Increasing your speed, picking hand (intermediate)
So you’ve been playing guitar for a while and you’ve obtained a certain comfort with the fretboard, all your basic shapes and have even begun playing slightly more technical material. You’re feeling though that something is holding you back and you’re having troubles speeding up; there are multiple reasons why this can happen but one of them is related to your picking technique.
Are you sure you’re holding the pick in the right way? You’d be surprised how many players realise they’ve been holding their picks in an odd manner far too late and have to restart from scratch. Speaking of scratches, in what angle are you picking? If you approach your strings at an angle you’ll be able to hear a weird scratchier tone (sometimes used on purpose as an effect). Where is your picking coming from? Do you pick from the wrist, the elbow, the shoulder?! Maybe you’re resting your wrist on a weird place, using your pinky as support or just plainly tensing up too much.
All of these are questions you need to ask if you find yourself in this situation. Generally speaking we always aim to eliminate unnecessary movements. Maybe when you pick, you move your wrist or elbow too much, resulting in an increased energy expenditure which leads to lower sustainability over prolonged periods of playings. You must aim to minimise any movement you do, be economical. When I’m playing faster all my picking is coming from the wrist, nothing else is moving. My wrist is resting comfortably on the bridge and my pick is at a 90 degree angle towards the strings.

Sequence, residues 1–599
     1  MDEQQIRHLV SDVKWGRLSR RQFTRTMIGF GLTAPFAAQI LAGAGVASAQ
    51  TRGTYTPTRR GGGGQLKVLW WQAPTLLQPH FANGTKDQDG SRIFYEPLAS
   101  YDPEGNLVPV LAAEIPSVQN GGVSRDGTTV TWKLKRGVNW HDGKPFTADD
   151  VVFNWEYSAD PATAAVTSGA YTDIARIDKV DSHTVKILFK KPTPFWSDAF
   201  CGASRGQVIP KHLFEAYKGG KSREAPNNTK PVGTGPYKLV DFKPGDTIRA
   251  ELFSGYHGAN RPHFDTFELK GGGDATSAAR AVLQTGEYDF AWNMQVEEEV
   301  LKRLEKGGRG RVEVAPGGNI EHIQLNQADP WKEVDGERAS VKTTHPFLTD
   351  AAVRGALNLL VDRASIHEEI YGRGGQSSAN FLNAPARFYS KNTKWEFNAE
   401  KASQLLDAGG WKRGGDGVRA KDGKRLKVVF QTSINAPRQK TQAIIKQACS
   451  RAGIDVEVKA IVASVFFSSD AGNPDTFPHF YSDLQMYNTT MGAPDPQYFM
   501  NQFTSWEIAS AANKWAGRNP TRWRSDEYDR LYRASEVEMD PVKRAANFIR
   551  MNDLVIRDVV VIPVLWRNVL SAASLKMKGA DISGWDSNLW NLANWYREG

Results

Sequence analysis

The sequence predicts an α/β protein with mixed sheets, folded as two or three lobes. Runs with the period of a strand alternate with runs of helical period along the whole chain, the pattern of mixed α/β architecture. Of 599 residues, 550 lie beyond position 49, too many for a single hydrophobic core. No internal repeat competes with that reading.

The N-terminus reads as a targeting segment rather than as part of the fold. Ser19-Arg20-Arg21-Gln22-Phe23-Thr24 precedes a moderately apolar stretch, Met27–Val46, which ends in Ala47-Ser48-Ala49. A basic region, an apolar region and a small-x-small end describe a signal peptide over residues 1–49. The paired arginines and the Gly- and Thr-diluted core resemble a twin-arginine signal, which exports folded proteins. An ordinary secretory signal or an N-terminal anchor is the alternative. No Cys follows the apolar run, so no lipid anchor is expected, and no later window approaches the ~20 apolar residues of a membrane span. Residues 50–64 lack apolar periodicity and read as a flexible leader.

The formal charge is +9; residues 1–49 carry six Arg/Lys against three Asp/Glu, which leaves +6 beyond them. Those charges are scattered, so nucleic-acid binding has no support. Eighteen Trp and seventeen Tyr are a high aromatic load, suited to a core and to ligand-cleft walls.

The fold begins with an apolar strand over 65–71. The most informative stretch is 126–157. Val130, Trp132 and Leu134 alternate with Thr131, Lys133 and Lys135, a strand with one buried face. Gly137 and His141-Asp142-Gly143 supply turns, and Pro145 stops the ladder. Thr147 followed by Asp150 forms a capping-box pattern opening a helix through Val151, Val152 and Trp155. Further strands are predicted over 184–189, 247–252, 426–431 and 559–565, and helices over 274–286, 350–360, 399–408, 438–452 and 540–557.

Use a metronome (as always…) and just pick through various patterns, maybe just 8ths to begin with, then do some triplets, maybe 16ths and then combine them. While practising these, leave your fretting hand out of the equation and isolate the issue. You’ll of course restart using your other hand once you move on to something else.
Increasing your speed, fretting hand (intermediate)
Last time we spoke about how our picking hand, how a sloppy picking technique might be the reason why we can’t increase our playing speed. It is very possible though that the hand that keeps us back is the fretting one.
If you find yourself in the situation where you strum loads of chords in succession but can’t hear all the strings ringing, or you’re playing a lead line and you keep hearing dead notes then it probably means that your fetting hand isn’t keeping up with your picking hand.
Just like we said about our picking, we need to isolate the issue and work on it (spoiler alert, you’re going to be hearing a lot). There’s a huge range of exercises for you to chose from that will help you in solving this problem but let’s start by modifying the ones you have already been practising from day 1. Take your best friend (that’s the metronome by the way) Do your usual chromatic spiders but use just your fretting hand. You’ll probably catch yourself speeding up or slowing down, maybe you’ll realise that your 3rd and 4th fingers aren’t moving with the same ease as your 1st and 2nd. It could even be that you’re fine going up the fretboard but you struggle going down or your thumb isn’t supporting your hand the right way. There’s a lot of small details like these that once you become aware of them and do something about them, you’ll improve in a matter of days.
One extra note for those of you out there that favour the electric guitar over the acoustic. Try turning off your distortion, dial back the gain on your amp, turn off any effects and maybe even go on your neck pickup. As awesome as an overdriven tone might be, it can very easily hinder your practice as it often hides mistakes. Hammer ons and pull offs are so much easier to achieve with a distortion on, but practice them cleanly too, so you can make sure that your fingers are actually doing the job, and you’re not hiding behind a wall of sound.